Eggenberg dark
Český Krumlov in all its glory
Column detail

Europe » Czech Republic » Plzen Region » Plzen July 2nd 2013

After having visited Prague a few times already, but really not that much more in Czech Republic, I decided to branch out a little this time. First stop is Plzeň, the home of Pilsner beer. On the train ride to Prague I find a pretty good conversation partner in Gary, an Australian Indian from Melbourne. We chat about the finer (ha!) details of Australian culture and he provides me with some insight about what kinds of shit he has to take as an Australian with his background. Quite interesting, as so far, I hadn't heard the Australian Indian perspective firsthand. I change trains in Prague and hop on the train to Plzeň, where I arrive one and a half hours later. My host Rufina picks me up from the train station. She's Belarussian and in Plzeň ... read more
Statue of Josef Smetana
Kozel dark
Moorish style ceiling

Europe » Russia » Northwest » Arkhangelsk April 30th 2013

This blog is gonna be slightly different from all my other ones. Usually I travel alone or with my partner in crime, but in this case, I shall be on the road together with PEOPLE. Real people in the real world, can you believe it? Not just random people I picked up at the hostel somewhere either, but people from my Russian group in Halle. The group has been in existence for about nine years already, but I only joined last year. It is a group comprised of students from all kinds of university courses, mostly from Humanities. We have an exchange programme going on with our Russian counterparts in Arkhangelsk, a city in Northern European Russia, located on the shores of the White Sea. Consequently, this town shall be our destination today. Alas, it's a ... read more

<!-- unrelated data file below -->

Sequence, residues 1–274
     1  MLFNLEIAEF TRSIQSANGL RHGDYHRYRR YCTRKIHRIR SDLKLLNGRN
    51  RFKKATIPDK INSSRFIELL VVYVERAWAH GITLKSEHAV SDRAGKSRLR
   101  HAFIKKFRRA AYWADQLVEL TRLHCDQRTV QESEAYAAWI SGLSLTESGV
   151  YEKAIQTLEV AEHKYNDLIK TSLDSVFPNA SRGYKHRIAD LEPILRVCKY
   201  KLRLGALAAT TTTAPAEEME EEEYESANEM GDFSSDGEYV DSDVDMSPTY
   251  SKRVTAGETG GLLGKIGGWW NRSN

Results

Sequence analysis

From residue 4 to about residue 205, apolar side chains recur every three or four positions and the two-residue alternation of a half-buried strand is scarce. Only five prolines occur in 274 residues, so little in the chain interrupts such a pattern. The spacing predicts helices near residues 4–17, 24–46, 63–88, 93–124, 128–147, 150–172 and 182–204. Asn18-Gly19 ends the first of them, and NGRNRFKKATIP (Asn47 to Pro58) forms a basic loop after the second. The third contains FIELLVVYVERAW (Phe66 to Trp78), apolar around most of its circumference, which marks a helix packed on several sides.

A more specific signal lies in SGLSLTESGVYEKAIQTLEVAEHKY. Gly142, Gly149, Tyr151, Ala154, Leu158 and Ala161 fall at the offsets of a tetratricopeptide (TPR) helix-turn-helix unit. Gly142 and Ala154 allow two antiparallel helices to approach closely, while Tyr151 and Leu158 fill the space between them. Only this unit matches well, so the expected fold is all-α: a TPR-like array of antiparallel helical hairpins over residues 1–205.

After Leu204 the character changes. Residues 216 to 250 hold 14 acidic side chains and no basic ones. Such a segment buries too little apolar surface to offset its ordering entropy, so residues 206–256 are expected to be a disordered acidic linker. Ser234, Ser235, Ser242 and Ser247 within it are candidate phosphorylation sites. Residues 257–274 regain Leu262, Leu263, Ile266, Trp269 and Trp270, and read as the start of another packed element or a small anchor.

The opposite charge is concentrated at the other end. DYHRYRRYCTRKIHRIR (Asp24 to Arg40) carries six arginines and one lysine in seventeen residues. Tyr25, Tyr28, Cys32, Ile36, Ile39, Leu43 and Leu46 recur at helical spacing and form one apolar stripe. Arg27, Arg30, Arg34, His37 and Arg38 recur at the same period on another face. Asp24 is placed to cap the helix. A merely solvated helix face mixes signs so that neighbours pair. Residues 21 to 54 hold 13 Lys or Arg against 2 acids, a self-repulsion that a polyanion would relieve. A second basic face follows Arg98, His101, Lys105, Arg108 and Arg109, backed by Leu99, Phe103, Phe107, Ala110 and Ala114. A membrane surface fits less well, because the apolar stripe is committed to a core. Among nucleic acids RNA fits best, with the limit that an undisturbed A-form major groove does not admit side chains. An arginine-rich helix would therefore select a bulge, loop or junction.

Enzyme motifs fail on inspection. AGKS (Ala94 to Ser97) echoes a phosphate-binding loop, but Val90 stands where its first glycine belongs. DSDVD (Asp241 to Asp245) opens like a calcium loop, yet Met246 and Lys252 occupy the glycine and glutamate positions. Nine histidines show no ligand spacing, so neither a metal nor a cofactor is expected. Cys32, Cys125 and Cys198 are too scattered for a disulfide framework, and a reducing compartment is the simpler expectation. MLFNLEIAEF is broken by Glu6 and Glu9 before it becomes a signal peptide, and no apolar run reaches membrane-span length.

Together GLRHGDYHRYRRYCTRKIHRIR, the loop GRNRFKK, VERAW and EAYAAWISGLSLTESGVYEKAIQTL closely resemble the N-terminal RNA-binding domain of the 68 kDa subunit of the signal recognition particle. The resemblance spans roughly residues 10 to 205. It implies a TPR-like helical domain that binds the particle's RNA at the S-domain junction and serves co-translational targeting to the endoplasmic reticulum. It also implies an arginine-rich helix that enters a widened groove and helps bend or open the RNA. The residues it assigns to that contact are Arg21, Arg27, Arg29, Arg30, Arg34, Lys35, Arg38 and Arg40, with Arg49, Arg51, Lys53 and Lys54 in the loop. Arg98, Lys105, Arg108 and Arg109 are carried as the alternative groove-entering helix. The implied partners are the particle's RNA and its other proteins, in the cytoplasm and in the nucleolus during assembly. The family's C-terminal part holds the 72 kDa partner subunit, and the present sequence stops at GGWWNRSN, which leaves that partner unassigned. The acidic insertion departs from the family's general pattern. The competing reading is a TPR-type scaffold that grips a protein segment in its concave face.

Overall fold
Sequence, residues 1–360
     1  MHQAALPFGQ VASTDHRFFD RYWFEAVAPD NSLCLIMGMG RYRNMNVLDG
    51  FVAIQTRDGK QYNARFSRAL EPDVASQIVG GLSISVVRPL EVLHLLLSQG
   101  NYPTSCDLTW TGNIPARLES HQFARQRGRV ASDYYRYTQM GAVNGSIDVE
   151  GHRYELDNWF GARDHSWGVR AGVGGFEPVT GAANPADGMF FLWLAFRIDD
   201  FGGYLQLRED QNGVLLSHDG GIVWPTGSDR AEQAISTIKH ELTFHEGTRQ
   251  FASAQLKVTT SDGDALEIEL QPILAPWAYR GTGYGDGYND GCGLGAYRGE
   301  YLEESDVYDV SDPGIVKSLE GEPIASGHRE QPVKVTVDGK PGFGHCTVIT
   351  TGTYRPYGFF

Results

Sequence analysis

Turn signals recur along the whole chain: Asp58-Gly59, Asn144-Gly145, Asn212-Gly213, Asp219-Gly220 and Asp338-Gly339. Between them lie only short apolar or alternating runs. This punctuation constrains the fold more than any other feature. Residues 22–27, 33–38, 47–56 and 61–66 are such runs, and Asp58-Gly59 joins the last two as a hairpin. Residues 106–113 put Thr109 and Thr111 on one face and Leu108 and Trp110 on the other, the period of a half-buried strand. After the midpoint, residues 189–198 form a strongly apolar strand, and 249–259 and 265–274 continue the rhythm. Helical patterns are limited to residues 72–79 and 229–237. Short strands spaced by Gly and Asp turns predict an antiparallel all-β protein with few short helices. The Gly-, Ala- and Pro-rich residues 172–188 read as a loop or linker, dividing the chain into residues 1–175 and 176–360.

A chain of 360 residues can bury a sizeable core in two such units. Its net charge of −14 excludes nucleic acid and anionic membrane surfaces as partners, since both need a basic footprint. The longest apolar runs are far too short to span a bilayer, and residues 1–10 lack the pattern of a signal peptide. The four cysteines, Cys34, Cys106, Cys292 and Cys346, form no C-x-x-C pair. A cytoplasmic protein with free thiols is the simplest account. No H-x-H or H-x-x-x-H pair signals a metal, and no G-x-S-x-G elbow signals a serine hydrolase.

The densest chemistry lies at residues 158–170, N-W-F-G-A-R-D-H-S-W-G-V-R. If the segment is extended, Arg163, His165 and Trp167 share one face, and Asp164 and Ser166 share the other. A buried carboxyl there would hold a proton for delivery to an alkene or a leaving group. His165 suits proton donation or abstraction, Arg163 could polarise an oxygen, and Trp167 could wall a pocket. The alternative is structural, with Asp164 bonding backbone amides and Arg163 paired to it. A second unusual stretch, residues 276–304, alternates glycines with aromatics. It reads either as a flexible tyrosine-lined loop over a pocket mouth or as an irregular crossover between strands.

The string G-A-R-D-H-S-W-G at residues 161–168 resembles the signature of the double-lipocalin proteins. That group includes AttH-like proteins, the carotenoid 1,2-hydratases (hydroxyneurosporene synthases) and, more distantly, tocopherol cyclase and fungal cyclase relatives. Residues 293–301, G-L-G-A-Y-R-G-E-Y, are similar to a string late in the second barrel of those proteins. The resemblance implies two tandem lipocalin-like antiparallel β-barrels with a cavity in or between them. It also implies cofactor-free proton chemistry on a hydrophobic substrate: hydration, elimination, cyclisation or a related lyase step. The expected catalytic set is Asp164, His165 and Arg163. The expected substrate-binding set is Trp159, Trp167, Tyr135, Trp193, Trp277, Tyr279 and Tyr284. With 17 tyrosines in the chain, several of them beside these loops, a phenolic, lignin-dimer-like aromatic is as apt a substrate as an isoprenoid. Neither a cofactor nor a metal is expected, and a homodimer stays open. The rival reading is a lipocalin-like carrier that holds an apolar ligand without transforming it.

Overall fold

House detail
Glorious intoxication
Russian landscape

Asia » Hong Kong » Kowloon April 4th 2013